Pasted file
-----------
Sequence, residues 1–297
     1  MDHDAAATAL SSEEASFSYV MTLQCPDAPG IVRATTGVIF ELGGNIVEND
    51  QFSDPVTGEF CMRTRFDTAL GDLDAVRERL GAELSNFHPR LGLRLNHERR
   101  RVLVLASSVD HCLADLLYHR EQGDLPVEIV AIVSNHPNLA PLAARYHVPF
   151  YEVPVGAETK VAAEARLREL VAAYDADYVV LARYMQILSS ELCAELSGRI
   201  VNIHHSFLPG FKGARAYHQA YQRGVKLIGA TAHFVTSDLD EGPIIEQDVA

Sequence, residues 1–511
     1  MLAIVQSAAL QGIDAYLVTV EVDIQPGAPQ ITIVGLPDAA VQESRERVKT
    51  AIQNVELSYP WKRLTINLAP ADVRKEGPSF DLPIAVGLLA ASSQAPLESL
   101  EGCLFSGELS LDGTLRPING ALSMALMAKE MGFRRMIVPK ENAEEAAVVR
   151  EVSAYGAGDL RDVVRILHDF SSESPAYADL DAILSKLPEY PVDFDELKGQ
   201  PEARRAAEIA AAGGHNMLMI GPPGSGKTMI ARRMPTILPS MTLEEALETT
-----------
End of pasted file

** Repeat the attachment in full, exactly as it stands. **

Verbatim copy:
Sequence, residues 1–297
     1  MDHDAAATAL SSEEASFSYV MTLQCPDAPG IVRATTGVIF ELGGNIVEND
    51  QFSDPVTGEF CMRTRFDTAL GDLDAVRERL GAELSNFHPR LGLRLNHERR
   101  RVLVLASSVD HCLADLLYHR EQGDLPVEIV AIVSNHPNLA PLAARYHVPF
   151  YEVPVGAETK VAAEARLREL VAAYDADYVV LARYMQILSS ELCAELSGRI
   201  VNIHHSFLPG FKGARAYHQA YQRGVKLIGA TAHFVTSDLD EGPIIEQDVA

Sequence, residues 1–511
     1  MLAIVQSAAL QGIDAYLVTV EVDIQPGAPQ ITIVGLPDAA VQESRERVKT
    51  AIQNVELSYP WKRLTINLAP ADVRKEGPSF DLPIAVGLLA ASSQAPLESL
   101  EGCLFSGELS LDGTLRPING ALSMALMAKE MGFRRMIVPK ENAEEAAVVR
   151  EVSAYGAGDL RDVVRILHDF SSESPAYADL DAILSKLPEY PVDFDELKGQ
   201  PEARRAAEIA AAGGHNMLMI GPPGSGKTMI ARRMPTILPS MTLEEALETT